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Manufacturing Isn't Dead, It's Evolving

The more American manufacturers can automate and refine, the better they can compete.

If you watch the news every night, you probably think that manufacturing in the U.S. is on the verge of death.

Fortunately, that’s not the case.

I've been active in economic development for more than 30 years, and I don’t see an industry on its last legs. I see an increasingly efficient system that’s reshoring jobs and creating more opportunities for growth than the public might think.

The New Face Of Manufacturing

The black-and-white images of Henry Ford’s human-filled production line are a world away from the reality of manufacturing in 2017. Of manufacturing jobs lost between 2000 and 2010, 85 percent were due to technology-enabled automation, not companies fleeing the country. While that illuminates a significant national issue revolving around how to "skill up" unskilled workers, it doesn't mean manufacturing is in danger of disappearing from the U.S.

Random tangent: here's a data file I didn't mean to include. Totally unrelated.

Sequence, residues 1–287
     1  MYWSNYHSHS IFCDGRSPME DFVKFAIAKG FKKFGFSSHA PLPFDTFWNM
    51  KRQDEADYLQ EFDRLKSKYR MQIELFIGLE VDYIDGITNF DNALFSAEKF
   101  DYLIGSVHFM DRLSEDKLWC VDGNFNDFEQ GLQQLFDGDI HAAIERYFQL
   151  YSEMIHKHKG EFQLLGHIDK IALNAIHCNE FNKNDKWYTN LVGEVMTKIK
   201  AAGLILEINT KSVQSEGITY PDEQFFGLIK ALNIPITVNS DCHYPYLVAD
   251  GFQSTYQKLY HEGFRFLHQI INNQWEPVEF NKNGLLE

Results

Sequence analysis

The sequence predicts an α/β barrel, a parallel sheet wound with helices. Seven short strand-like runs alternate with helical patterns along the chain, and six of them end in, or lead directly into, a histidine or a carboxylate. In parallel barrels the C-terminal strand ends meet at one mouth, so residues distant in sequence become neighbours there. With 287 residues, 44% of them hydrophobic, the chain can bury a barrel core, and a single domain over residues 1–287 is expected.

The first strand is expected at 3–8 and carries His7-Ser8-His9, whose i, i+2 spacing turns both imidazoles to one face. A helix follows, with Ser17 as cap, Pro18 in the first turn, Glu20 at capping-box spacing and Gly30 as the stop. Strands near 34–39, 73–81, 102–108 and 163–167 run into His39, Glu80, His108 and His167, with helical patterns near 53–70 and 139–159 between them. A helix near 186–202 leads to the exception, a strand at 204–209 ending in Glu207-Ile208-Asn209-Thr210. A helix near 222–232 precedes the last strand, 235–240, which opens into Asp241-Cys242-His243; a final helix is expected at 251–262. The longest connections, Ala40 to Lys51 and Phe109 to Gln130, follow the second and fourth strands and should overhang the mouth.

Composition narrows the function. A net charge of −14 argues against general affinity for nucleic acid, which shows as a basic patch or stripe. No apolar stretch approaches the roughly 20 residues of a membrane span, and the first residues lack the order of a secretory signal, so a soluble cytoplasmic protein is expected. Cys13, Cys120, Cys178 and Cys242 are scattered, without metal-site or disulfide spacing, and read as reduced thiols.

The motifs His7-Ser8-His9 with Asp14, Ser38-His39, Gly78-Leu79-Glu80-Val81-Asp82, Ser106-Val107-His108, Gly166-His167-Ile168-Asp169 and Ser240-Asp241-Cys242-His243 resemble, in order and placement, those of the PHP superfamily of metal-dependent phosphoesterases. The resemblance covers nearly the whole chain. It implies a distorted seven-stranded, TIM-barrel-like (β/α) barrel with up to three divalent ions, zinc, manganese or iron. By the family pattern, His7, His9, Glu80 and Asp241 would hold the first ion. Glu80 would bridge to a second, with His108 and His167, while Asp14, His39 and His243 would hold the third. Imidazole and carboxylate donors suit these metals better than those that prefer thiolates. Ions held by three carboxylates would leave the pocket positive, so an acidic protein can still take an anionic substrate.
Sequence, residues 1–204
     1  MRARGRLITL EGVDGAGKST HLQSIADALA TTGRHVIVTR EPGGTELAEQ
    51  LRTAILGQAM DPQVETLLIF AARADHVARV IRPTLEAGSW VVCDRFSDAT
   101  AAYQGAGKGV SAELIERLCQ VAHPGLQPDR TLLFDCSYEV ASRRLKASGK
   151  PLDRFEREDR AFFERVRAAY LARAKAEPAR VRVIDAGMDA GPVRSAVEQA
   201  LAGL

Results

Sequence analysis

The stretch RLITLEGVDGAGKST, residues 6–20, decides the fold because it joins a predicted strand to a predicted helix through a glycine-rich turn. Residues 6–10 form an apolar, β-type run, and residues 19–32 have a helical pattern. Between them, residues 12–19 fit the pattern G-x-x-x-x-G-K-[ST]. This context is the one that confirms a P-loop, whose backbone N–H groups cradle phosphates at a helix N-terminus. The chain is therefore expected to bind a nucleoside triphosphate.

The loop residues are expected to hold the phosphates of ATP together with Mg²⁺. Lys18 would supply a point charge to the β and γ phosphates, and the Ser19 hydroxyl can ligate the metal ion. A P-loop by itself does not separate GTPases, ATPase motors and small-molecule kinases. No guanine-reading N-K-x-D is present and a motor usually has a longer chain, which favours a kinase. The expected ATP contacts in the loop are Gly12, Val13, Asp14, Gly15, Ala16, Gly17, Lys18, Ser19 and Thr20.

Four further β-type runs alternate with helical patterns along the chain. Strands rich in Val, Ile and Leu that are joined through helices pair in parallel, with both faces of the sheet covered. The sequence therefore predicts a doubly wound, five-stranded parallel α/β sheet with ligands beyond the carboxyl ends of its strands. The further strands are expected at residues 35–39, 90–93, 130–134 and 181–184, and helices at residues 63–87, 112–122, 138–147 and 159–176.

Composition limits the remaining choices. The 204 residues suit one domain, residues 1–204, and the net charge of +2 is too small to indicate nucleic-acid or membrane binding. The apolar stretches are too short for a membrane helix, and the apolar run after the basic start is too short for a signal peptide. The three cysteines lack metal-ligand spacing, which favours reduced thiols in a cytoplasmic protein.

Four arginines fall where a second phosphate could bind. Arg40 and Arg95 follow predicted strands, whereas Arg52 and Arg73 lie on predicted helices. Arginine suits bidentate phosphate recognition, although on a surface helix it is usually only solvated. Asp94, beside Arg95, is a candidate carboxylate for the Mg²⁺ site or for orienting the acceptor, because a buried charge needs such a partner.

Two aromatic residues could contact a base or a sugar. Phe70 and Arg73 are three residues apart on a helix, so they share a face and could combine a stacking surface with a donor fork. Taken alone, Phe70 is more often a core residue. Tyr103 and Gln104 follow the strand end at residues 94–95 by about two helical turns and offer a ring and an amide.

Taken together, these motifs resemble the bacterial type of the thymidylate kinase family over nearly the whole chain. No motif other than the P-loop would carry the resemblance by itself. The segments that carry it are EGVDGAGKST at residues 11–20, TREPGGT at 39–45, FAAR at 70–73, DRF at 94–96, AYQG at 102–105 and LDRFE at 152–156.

As jobs for unskilled manufacturing workers in factories dropped precipitously, manufacturing positions for workers with graduate degrees grew substantially — a 32 percent increase since 2000. Today, a country like the U.S. that pays higher wages can now profitably get back into the manufacturing race due to the cost advantages of automation and the ability to have skilled workers manage the outputs that previously were assigned to more than one person.

But what about the upfront capital costs associated with cutting-edge technology? As Matthew Rendall of OTTO Motors wrote in his TechCrunch piece, most automated equipment actually pays for itself within a year. And as more companies incorporate high-tech machinery into their production processes, today’s unskilled workers will be called upon to fill more skilled job openings.

It must become a national priority to dedicate the resources required to enhance the skills of our workforce so they align with the innovative practices that will further accelerate the modernization of manufacturing in America.

Creating A Better Competitive Environment